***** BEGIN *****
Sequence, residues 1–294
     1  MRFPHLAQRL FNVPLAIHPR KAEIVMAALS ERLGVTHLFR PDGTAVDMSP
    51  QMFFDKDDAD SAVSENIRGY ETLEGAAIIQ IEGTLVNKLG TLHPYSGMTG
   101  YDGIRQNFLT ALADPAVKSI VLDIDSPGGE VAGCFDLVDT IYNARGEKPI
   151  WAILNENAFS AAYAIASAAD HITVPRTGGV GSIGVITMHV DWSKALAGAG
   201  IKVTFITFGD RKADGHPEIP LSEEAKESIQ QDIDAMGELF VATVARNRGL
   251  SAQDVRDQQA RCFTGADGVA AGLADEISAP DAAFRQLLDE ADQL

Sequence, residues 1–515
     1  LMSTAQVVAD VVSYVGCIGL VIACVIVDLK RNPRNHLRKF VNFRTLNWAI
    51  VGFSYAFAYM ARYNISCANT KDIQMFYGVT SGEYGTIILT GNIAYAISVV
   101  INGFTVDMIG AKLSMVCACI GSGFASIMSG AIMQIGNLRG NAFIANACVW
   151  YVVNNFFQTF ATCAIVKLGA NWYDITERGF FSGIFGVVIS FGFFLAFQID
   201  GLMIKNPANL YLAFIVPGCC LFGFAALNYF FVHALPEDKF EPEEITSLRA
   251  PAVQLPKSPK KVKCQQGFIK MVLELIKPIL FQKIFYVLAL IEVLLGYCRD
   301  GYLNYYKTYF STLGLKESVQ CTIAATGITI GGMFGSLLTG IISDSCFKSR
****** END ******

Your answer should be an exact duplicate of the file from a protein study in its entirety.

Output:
Sequence, residues 1–294
     1  MRFPHLAQRL FNVPLAIHPR KAEIVMAALS ERLGVTHLFR PDGTAVDMSP
    51  QMFFDKDDAD SAVSENIRGY ETLEGAAIIQ IEGTLVNKLG TLHPYSGMTG
   101  YDGIRQNFLT ALADPAVKSI VLDIDSPGGE VAGCFDLVDT IYNARGEKPI
   151  WAILNENAFS AAYAIASAAD HITVPRTGGV GSIGVITMHV DWSKALAGAG
   201  IKVTFITFGD RKADGHPEIP LSEEAKESIQ QDIDAMGELF VATVARNRGL
   251  SAQDVRDQQA RCFTGADGVA AGLADEISAP DAAFRQLLDE ADQL

Sequence, residues 1–515
     1  LMSTAQVVAD VVSYVGCIGL VIACVIVDLK RNPRNHLRKF VNFRTLNWAI
    51  VGFSYAFAYM ARYNISCANT KDIQMFYGVT SGEYGTIILT GNIAYAISVV
   101  INGFTVDMIG AKLSMVCACI GSGFASIMSG AIMQIGNLRG NAFIANACVW
   151  YVVNNFFQTF ATCAIVKLGA NWYDITERGF FSGIFGVVIS FGFFLAFQID
   201  GLMIKNPANL YLAFIVPGCC LFGFAALNYF FVHALPEDKF EPEEITSLRA
   251  PAVQLPKSPK KVKCQQGFIK MVLELIKPIL FQKIFYVLAL IEVLLGYCRD
   301  GYLNYYKTYF STLGLKESVQ CTIAATGITI GGMFGSLLTG IISDSCFKSR